...fear, thinking and analysis and usbeing kind of savvy human players in that ecosystem. If you think of analogyfor system and the role, a combined text stack in human stack right, wherewe're getting inputs from all places it does, we do have to think about notbeing passive recipients, but how do we become active players in that ecosystem?That's a great phrase: The Knowledge Co System, so I don't think it's usedenough when we should have awareness of it like what knowledgy co system are wesurrounding ourselves with which one do we inhabit ourselves, because peoplecreate these bubbles right, they create these bubbles that they live in. Thatare, I think, they're the opposite of curious right. It's I'm not curious,there's something validating for me in a in a particular subsystem right andhow do we tap into the larger collective knowledge ecosystem? Youjust mentioned something interesting. It would be very hard to come across aperson, though thou would say. I'm not curious, like a politician speakingagainst children right, it kind of does not happen, but in reality we all knowthere are lots of people who, in effect, are not intensely curious and inhabitabove l. So how do we break through to that?Because the more curiosity, I think, the more evolution for society? So that's an interest. That's a veryporocatepetl, I think, and what what immediately popped to my head was. Youknow these ingredients of you know what motivates people, what makes peoplepassionate or interested in something- and you know there's if you have thatpassion right that enables okay, I'm going to persist an I'm going to dohard things right or I'm going to break out of my bubble or I'm going to I'mgoing to. You know, change or do something different, and you know we'reso motivated by Understanding Cape. We...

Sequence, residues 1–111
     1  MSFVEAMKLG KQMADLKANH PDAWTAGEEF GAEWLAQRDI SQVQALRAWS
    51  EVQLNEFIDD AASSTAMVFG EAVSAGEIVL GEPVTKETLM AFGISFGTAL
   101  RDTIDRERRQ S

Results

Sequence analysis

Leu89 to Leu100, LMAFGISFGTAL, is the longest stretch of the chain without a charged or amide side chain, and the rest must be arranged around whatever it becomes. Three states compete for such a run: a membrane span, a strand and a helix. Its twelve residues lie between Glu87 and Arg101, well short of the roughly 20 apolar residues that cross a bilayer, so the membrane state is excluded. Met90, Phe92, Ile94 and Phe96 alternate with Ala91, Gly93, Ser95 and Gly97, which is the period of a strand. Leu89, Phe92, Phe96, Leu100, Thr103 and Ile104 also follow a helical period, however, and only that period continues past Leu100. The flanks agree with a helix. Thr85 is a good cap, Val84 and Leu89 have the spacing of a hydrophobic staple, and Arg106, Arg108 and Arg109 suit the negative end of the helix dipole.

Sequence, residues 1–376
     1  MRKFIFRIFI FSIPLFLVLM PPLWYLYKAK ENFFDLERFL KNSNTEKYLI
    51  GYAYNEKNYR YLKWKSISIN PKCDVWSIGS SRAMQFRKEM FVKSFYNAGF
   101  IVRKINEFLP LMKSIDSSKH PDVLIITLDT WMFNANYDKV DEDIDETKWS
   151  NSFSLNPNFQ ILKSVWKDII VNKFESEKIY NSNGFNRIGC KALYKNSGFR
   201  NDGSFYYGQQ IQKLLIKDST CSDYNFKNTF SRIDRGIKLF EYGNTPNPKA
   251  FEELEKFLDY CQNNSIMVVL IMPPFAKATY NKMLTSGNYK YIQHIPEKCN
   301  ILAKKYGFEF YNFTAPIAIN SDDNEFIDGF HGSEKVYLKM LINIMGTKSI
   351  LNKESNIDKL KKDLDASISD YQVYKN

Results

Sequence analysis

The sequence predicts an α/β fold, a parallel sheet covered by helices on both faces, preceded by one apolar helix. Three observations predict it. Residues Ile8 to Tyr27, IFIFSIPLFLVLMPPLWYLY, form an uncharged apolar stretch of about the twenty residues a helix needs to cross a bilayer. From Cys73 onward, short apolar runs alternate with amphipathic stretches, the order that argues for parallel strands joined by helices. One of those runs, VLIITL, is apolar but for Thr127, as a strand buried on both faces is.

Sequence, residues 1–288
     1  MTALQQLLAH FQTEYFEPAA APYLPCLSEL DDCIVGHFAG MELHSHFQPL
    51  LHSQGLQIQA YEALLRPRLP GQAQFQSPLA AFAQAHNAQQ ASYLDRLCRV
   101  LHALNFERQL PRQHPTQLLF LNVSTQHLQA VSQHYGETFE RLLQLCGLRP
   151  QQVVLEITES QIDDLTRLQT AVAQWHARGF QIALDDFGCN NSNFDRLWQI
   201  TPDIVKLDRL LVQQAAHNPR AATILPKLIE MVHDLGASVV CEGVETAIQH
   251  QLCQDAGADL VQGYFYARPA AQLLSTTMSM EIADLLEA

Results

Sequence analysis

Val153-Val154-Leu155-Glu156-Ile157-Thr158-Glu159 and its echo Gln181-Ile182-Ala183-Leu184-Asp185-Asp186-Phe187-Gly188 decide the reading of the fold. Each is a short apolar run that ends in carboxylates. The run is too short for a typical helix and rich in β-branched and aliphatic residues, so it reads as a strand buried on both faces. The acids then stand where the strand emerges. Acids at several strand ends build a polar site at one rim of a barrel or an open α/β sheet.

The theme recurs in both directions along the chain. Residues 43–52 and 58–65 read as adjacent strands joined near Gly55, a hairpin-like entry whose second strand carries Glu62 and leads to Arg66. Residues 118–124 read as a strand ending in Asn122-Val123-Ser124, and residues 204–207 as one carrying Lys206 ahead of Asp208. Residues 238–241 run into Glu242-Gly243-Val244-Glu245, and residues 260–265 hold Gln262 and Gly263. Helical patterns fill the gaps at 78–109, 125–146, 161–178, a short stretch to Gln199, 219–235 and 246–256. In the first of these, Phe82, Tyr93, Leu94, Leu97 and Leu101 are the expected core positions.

...think about. What's in it, for us,people are actually really strongly motivated if they understand what willbenefit others as well. So there's that mix, I think in terms of generating thekind of passion that will say. Okay, I'm not only curious as a person, Idon't want anyone to think I'm close minded, but we have to get beyond justthat time, open kind of generic statement to I'm actually going toexplore and discover new things. That's how I'm going to spend my time when I'meither at work, if you're fortunate enough to have that or outside of workor- and I think that's where there's this kind of movement in our culture tolook at. How are we benefiting others right and ourselves, and there's this Ithink, that's an exciting way of maybe converting their curiosity to actionvery thought, provoking conversation micro, any additional thoughts onhelping people drive innovation within their organizations and lives. You know,I think, if you think of your organization, as you know, we want toput processes and practices in place so that we can have efficiency in scalethat promotes stability, but fixes us in time a better metaphors to think.Okay, I've got this dynamic thing. That's always changing and alwaysmoving and to be a learning organization, isn't hey. I have to havean land department that that does training or whatever. We know that mostof that investment is wasted and lost. So, as you have to you have to look athow is learning approximate to the point of need and the organization and-and that I think, is the answer at least that I'm o exploring right nowexcellent. Well, thank you for joining us today. This was Dr Michael, nobleand your host Jasmine Marthien. Thank you. My Jusi you've been listening to innovationnation for Morei, subscribe to the...

...podcast in your favorite podcast player,or connect with this on linked in thanks for listening to.